Re: Proposal to deploy GitLab on


On Wed, May 17, 2017 at 5:59 PM, Mathieu Bridon <bochecha daitauha fr> wrote:
On Wed, 2017-05-17 at 17:44 +0200, Jehan Pagès wrote:
On Wed, May 17, 2017 at 5:01 PM, Mathieu Bridon <bochecha daitauha fr
On Wed, 2017-05-17 at 16:47 +0200, Jehan Pagès wrote:
IMO this is a completely broken and over-complicated workflow.
long term contributors, having their own remote can be
But for one-time contribs?

One-time contributions can be done entirely in the web UI, for

Ok. Sorry but no.
I code in my text editor, not in my browser.

That's fine, me too.

But you're not a one-time contributor to GNOME, are you?

GNOME is a lot of projects. I have been a one-time contributor to
several GNOME projects and will likely continue to do so for the same
or other projects. Even though I have a GNOME git account, I
(obviously) don't push to random projects which never heard of me. I
am still going through the normal bugzilla procedure and will continue
to go through the normal gitlab procedure if the migration is done.

Remember that I'm responding to your thread about how the fork+merge-
request workflow is too complex for trivial one-time contributions.

For one-time contributions, this is a **much** simpler workflow
than cloning the repository, making the changes, committing the
change, making a patch, then sending the patch by email/bugzilla.
It even enables non-technical people to contribute!

Well much simpler for developers who like to push buttons. We are
many who don't like this. Let's not generalize!

Also such patches are acceptable for very simple stuff. For instance
typo fixes, or string fixes, or similar.

Well yes, that's exactly what this thread was about: simple one-time
contribution that are so trivial that they make the fork+merge-request
workflow prohibitive.

Since I kind of started the discussion on this topic, it's good to
assume I know what it is about. I never discussed about trivial
contributions, and I don't think to remember anyone else discussing on
this topic as an answer to my emails.

So no, the discussion was on the contribution workflow (for people who
don't push directly, but will make bug reports/merge
requests/patches/etc. Most of them being one-time contributors).

But other than this, even
one-liners of actual code, I don't want to encourage people who do
things without actually testing (and expecting us to test for them).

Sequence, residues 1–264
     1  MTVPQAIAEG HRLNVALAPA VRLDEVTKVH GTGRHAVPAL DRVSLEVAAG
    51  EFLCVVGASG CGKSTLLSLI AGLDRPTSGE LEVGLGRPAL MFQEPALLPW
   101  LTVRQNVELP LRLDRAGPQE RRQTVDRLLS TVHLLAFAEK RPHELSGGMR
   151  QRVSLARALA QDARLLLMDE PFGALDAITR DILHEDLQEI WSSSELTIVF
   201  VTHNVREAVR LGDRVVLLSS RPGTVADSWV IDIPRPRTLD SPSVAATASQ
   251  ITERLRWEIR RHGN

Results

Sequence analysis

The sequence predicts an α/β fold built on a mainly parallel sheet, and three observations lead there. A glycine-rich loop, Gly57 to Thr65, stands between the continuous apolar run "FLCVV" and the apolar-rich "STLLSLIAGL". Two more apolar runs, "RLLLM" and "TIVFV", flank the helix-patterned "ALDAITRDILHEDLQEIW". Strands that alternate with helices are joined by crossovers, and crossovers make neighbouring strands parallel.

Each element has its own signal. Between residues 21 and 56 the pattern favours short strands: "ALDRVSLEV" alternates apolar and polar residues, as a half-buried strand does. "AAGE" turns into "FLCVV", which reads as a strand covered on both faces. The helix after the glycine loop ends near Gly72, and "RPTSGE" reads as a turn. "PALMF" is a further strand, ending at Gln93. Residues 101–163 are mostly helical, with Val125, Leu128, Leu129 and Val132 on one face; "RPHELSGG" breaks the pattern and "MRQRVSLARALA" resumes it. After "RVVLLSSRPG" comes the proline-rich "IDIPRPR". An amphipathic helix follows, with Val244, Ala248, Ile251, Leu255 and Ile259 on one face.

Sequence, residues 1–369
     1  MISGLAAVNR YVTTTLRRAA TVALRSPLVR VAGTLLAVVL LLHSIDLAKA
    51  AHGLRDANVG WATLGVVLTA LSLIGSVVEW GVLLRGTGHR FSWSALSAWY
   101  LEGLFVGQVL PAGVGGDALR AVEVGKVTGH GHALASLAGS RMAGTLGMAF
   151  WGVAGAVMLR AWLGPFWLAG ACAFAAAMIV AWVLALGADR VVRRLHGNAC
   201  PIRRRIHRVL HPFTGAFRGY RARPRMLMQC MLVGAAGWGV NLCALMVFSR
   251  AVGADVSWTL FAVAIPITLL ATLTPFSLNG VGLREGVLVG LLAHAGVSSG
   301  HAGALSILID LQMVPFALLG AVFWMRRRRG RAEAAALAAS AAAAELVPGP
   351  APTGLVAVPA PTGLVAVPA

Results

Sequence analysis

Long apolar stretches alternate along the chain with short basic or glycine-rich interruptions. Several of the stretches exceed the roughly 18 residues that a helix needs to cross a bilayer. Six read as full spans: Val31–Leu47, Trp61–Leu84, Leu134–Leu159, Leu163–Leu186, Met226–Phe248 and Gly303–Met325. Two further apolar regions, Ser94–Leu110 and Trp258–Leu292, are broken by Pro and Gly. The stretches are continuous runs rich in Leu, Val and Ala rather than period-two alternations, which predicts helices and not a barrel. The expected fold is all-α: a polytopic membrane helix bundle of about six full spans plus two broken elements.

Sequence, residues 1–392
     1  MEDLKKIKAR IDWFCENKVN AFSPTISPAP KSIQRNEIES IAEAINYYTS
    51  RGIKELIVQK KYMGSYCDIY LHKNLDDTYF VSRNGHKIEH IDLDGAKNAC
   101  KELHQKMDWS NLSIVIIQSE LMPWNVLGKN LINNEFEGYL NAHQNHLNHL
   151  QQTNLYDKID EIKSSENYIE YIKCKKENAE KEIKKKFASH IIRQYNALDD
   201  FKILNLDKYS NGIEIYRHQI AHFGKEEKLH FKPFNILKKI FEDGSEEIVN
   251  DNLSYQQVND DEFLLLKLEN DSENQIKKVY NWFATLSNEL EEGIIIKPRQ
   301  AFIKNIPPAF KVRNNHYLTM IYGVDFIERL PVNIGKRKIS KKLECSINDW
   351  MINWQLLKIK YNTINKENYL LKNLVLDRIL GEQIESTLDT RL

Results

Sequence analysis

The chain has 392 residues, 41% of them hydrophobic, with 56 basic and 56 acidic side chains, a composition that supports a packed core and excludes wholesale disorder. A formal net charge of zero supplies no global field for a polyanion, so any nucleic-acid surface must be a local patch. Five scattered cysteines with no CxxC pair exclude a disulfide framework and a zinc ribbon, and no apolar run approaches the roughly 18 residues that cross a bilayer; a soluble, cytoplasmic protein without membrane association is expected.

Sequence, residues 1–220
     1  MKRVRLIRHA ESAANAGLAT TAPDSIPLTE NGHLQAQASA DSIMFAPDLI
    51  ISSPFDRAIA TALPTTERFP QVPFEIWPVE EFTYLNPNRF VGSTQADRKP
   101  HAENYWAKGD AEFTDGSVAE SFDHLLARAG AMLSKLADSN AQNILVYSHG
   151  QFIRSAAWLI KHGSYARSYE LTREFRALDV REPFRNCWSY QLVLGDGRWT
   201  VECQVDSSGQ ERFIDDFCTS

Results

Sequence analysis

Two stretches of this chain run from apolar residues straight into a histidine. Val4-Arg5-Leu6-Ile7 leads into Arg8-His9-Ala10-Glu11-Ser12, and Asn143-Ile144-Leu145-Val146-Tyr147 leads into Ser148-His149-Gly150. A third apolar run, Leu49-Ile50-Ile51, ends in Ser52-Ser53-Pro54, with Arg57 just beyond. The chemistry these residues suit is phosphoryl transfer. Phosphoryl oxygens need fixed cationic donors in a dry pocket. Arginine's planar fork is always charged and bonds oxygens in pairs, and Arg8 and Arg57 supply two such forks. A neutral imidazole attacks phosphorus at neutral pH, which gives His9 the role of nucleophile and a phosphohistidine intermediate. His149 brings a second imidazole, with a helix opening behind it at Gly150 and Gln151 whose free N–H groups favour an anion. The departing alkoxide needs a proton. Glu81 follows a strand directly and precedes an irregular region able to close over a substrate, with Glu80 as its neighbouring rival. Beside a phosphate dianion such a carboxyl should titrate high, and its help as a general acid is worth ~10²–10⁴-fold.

That's why you have a CI that runs before merging.

And if I send you a patch, you might find it easier to test it
locally. But that completely bypasses your pre-merge CI.

CI test basic stuff like "it builds", and "the tests don't fail". But
there is much more in a patch than this.

A CI can do pretty much anything you want it to, it's not limited to
"basic stuff" at all.

Yes you can do tests for a lot of things. Anything is scriptable. It
doesn't mean that everything is scripted in tests. Otherwise software
who succeed all the tests would have no bugs by definition.
So we still need to test many things manually.

Of course, you could say that the tests should include every case.
But the fact is that if there is a bug that was not seen before, that
probably means there is no tests for it (otherwise we'd have seen
it!). Even if we add a test, then we have to check first that the
test is fine by building locally. Back to square 1.

And the person doing that is not the one-time contributor, but you, the

Yes, which is why I say that I still test the patches locally before
pushing and don't rely only on CI.

Seriously, you started complaining that the fork+clone is too complex
for trivial one-time contributions, and now you've completely changed
the goal-posts, complaining how the wokflow that was specifically
designed for trivial one-time contributions doesn't allow bigger

Once again, I was not speaking about trivial changes. Quite the
opposite since we were discussing about the issue of rebuilding a
tree, what happens on timestamps when you checkout a branch based on
older code, etc.

Also yes, sometimes the discussions evolve anyway. That's how
discussions work. Someone says something, that makes someone else say
something related but different, and so on. Fortunately. That would be
very boring if we were to discuss on the exact same point of detail
for 10 emails.

Seriously, you started complaining […] complaining how […]

Please, let's keep it civil. I am not complaining. The whole point of
this email thread was to hear members' comments and inputs. So I gave
mine. I also explained that I still think it is a good change in many
ways, and I listed a few features that I really appreciate in systems
like gitlab. But then I also list some of my worries. One of these
worries (for me) is about the workflow which is encouraged by gitlab
and which I really dislike. And I explained why. I also explained that
I already have workarounds for the problems of this workflow, and what
I would probably do (so it's not a blocker, just annoying). Yet I
still explain the worries; that's how things may get improved in the
future, hopefully (if you keep on just working around issues on your
side, things never get better upstream).

With some emails, I even discovered some interesting feature of gitlab
(possibility to fetch merge requests without adding remotes, which is
a very interesting feature). I believe this was also one of the goal
of this thread: discussing about our worries and with responses of
those who know better, maybe discovering this tool that many of us
don't know that well. And who knows, maybe appreciate it more then! Or
at least ease our main worries.

Until now, the discussion was very friendly and I was appreciating the
discussion with the other people and the proposition.
Could we please stay that way? I don't get on mailing lists to be insulted.



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